Otherwise I think it just becomes 'what you get used to'.
Sinking slowly is fine. I am asking about ones that never sink

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Re: Foils that don’t sink. How much of a problem is it

Postby grigorib » Tue Feb 19, 2019 2:16 pm

Have the 633. It doesn’t sink. Bodydragging is not a big deal, strapless waterstarts are ok with either that or fast-sinking aluminum foils.
Rides heavenly. If I sell it I’ll just get myself a new one, just as I did last time :)
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Re: Foils that don’t sink. How much of a problem is it

Postby Foil » Tue Feb 19, 2019 7:04 pm

I witnessed the bad side of the floating 633.
it's never happened to me or anyone else I know of, but this was bad.
for the record the guy involved was not very experienced and fell in a whole lot, and was pretty bad at getting his kite out of the water once dropped, and he did this a lot.
Flag Beach 3 weeks ago
wind 12knts steady, cross on from the left.
tide flow -right to left, 1-3 knts (guess only)

I was concerned about this guy as he continued out to sea even though he was tripping over many of the small waves and spending a lot of time trying to relaunch his kite, I think it was a 11mtr. but he kept on going one way each time he got going again, out to sea!
at one point I sailed very close to him and shouted to him if he was ok, no reply, and I only speak one language, so difficult to communicate,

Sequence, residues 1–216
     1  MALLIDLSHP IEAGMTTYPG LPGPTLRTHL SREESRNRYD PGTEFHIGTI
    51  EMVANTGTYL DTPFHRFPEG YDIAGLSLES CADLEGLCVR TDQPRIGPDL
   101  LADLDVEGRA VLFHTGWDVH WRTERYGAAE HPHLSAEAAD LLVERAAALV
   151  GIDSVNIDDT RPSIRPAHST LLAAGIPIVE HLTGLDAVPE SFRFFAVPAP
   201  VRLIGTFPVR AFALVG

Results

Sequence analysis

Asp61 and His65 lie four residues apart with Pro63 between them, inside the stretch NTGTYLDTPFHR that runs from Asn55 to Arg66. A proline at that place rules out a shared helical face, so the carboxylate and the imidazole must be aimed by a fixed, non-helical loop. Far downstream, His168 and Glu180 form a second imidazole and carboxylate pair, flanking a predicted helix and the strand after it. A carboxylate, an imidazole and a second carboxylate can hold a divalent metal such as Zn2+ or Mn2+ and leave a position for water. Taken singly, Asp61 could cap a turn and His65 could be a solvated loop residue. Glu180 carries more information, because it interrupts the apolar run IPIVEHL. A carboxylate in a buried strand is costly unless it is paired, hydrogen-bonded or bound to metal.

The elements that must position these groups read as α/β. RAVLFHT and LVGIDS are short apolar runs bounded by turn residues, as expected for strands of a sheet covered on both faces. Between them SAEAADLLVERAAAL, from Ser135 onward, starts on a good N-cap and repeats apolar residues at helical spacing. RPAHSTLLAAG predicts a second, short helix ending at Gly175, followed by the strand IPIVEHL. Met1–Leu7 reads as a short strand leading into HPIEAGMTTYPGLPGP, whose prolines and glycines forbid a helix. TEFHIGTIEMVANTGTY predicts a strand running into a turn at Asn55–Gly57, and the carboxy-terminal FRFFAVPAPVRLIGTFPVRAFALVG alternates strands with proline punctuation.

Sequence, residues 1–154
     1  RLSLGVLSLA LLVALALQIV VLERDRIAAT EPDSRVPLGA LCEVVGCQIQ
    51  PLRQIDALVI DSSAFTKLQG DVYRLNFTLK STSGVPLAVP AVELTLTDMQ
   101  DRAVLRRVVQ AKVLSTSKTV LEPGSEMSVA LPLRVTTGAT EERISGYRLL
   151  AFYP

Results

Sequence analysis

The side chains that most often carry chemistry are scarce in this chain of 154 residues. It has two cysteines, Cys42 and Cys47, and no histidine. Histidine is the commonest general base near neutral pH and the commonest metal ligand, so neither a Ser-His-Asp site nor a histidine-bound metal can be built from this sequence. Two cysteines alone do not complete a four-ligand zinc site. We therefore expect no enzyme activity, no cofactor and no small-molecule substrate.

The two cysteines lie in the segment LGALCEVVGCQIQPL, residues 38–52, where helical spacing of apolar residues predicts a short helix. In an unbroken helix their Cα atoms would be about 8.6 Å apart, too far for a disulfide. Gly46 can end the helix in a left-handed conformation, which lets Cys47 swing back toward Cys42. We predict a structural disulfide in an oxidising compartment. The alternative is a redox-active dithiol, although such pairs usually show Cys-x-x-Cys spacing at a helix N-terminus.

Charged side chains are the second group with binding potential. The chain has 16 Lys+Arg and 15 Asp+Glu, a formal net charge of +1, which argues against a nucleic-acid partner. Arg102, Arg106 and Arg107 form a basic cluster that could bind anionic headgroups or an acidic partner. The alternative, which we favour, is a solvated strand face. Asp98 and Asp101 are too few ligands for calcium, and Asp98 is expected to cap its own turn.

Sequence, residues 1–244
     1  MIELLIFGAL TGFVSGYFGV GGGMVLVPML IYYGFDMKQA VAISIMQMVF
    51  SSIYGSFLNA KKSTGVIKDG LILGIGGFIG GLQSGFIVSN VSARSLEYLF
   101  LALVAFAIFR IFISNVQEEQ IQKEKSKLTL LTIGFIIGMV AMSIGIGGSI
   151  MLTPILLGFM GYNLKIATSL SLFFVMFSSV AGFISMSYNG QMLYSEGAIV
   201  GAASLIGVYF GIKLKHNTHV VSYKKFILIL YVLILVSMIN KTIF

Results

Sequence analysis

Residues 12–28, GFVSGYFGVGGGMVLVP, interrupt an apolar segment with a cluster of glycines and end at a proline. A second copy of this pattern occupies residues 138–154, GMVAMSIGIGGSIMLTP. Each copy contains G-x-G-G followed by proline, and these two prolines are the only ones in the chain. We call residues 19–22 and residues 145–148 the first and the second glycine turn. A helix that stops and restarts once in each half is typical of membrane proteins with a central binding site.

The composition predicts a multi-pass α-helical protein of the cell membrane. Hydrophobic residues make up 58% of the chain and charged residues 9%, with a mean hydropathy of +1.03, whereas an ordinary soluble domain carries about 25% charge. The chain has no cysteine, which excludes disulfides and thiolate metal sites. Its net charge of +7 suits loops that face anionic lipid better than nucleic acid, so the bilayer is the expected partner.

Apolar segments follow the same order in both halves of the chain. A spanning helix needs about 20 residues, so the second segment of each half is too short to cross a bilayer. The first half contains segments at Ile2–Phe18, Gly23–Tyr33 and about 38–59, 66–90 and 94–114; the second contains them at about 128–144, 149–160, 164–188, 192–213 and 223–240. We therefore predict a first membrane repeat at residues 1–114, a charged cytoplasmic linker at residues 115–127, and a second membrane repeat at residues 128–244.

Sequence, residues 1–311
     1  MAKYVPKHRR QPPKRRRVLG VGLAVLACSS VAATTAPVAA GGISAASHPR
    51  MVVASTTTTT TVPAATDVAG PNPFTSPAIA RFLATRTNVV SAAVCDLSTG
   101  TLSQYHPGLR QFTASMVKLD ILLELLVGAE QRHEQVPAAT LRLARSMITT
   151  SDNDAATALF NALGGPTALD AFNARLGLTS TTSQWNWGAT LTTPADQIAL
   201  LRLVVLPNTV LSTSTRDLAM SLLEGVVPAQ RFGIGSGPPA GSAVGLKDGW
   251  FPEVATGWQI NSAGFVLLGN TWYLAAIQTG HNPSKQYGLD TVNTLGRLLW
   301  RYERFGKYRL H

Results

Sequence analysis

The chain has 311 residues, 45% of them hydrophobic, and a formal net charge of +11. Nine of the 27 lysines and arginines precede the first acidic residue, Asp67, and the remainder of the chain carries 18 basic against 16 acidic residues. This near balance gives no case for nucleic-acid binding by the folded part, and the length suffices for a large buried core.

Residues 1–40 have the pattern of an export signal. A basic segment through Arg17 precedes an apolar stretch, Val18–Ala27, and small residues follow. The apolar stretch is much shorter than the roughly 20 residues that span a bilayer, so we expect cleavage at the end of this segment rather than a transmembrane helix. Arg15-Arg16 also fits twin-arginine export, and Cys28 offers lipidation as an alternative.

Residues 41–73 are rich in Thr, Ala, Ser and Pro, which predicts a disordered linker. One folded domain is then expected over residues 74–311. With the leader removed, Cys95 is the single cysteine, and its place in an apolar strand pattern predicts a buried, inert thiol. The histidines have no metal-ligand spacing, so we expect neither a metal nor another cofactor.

he did then fall in and turn round, got up and started off back to shore, phew!

I noticed all his gear was brand new,
a new 120 full carbon groove skate with red stripes, Moses 633 foil set on a 91cm mast, he was full booted and suited with a bright orange helmet.

I returned to shore to my little beach camp and got out my Binoculars, before I looked through them Pauline asked what is that thing flashing red in the sun out at sea, through the bino's I could see it was the groove skate yet again on its side, the fluorescent red stripes were catching the sun
and flashing bright,
it was traveling with the tide flow and helped a little by the wind blowing on its deck side with the mast and wing pointing downwind towards me, the owner was now quite a distance from the board with his kite down, I waited for some minutes watching him and hoping the kite would lift off, it did not and then I realised why, the wind had dropped, and I could see the guy was now winding in his kite, yikes!